Space Weather creator discovers simple solutions for displaying complex information
While developer Timothy Stewart knew his Space Weather app needed help, he approached Microsoft design lead Dave Crawford with just a slim ray of hope.
But Tim left the design consultation much more enlightened than he had thought possible. Watch some of his enlightenment for yourself:
“Dave really reimagined my application, from when you first launch it to the Live Tiles to some of the alerts and even the lock screen,” Tim says. “He really took my blank canvas and started anew.”
Beforehand, Tim didn’t believe the consult would make too big a difference to Space Weather, a solar-activity app for Windows Phone. He supposed that Dave might just offer advice he had received in the past or could easily find on his own by doing a little homework.
“Boy, was I wrong,” he says. “Dave distilled my application down to what really matters to me, to the very essence of why I created this application in the first place.”
The issues: Too much information at once; unclear priorities
Space Weather enables users to monitor the Sun’s effects on planet Earth. It serves up data about solar flares, geomagnetic storms, solar radiation, and — of special interest to Tim — auroras. As fascinating as the whole subject can be, it can also get pretty complicated.
The pre-consultation version of Space Weather had a strong foundation in terms of concept, content quality and depth, and branding. The app also had a following of mostly happy users. But it wasn’t perfect. Space Weather was “a little overwhelming and a little bit dense,” Tim told Dave in the session. It was difficult to actually determine if there was a chance of seeing the aurora – the primary use case of the app – especially to the novice user. Tim’s goal: to learn how to improve the presentation of Space Weather content.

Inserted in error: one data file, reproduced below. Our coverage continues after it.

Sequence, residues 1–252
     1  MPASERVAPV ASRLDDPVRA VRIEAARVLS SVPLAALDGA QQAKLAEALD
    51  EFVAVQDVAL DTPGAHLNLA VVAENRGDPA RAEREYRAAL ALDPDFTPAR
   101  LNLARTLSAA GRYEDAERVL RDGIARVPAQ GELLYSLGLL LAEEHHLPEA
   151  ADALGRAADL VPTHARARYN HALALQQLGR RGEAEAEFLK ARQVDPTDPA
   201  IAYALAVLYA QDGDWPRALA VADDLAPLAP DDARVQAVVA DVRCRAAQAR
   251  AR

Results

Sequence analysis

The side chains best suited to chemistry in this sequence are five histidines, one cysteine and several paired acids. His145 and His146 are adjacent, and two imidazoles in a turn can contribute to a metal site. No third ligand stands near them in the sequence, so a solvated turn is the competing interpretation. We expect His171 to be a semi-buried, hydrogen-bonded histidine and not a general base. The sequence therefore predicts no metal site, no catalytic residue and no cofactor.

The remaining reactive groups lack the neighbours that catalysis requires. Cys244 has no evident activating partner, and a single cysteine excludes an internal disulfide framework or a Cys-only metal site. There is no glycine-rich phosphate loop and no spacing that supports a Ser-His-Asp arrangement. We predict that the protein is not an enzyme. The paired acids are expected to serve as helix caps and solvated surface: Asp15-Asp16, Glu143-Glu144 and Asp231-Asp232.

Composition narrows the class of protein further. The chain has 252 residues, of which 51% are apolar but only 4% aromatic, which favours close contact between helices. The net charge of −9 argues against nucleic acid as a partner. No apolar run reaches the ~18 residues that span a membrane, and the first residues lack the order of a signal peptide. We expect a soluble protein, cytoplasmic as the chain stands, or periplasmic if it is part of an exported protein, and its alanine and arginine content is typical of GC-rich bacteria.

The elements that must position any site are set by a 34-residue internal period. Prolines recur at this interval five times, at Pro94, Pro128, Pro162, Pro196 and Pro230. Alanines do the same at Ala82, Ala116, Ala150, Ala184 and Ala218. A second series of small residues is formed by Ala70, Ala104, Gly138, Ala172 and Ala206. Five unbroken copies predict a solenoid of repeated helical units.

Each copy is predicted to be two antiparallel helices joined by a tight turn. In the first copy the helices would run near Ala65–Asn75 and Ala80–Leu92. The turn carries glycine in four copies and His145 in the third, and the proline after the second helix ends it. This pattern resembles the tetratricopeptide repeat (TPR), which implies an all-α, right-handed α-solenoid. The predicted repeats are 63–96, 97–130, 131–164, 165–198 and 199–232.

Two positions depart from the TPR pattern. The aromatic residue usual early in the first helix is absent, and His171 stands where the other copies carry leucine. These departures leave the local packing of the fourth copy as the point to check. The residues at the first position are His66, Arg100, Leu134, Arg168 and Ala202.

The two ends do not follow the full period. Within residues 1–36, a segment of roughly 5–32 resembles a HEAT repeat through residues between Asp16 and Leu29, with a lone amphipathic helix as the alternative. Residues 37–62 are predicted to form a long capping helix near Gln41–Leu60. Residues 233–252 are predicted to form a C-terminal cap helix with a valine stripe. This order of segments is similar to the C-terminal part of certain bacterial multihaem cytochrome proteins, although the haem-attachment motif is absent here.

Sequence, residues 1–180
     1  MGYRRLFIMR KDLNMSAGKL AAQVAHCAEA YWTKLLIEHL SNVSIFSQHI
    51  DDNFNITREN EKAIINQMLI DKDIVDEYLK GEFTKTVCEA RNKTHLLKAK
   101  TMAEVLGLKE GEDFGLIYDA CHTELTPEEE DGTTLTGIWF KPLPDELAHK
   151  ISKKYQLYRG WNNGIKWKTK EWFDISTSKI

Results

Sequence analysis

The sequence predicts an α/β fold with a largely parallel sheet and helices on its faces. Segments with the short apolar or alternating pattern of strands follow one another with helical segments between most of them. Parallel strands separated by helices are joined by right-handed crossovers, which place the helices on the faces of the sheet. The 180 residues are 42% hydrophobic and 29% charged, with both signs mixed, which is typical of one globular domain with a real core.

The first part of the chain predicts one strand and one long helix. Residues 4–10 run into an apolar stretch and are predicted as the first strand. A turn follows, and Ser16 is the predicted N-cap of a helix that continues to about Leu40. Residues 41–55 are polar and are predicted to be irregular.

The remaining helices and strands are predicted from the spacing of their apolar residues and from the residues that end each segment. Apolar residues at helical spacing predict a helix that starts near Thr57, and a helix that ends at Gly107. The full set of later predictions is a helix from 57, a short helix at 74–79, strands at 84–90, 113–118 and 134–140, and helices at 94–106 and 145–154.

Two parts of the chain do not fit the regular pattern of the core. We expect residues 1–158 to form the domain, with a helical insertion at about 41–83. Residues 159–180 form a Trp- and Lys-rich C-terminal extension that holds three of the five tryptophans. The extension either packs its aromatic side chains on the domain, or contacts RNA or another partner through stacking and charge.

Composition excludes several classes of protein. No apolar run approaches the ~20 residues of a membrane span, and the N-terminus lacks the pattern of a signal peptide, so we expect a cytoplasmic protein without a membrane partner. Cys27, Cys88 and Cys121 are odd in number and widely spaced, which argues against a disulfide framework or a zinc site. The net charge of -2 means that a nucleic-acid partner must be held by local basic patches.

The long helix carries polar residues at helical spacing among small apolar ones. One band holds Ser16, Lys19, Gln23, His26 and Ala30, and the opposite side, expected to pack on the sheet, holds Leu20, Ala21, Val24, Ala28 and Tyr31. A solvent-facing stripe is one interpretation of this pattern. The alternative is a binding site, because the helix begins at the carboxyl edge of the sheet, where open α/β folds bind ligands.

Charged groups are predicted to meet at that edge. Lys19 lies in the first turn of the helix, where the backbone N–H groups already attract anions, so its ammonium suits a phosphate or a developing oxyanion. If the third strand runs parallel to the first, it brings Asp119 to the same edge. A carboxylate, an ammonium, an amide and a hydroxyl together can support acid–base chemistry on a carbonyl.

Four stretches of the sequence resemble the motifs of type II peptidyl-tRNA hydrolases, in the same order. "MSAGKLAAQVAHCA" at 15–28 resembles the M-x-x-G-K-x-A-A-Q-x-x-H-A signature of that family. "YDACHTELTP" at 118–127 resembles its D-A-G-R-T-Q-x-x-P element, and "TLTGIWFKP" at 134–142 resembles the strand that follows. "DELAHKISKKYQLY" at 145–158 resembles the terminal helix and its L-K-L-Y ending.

Dave dug into the project with special enthusiasm. “I’m a bit of a space geek,” he told Tim. Once he finished evaluating the app, Dave’s advice to Tim boiled down to three little words: Keep it simple.
“A common thing that happens across these apps that have this quantity of info is the developers get bogged down in showing minutiae,” Dave explained. The result is that such apps can become “inaccessible” to users.
The solutions, in Space Weather’s case? Dave emphasised two in particular.
He advised Tim to help the user answer the fundamental question ‘will I see an aurora tonight?’ first and foremost. As Dave said ‘everything else is just detail for hardcore users’. Following this, he advised Tim to create a hierarchy and structure for the rest of the information, simplifying the layout using design tricks such as colour, weight, and size. Make the most important content stand out first by making it larger or by giving it a higher contrast from the background, then work down.
Dave also urged Tim to turn to the Pivot control, instead of relying on the Panorama control. With the Panorama control, users view content on a pannable canvas that extends beyond the confines of the screen. By contrast, the Pivot control presents content in the form of pages that users can click or flick through.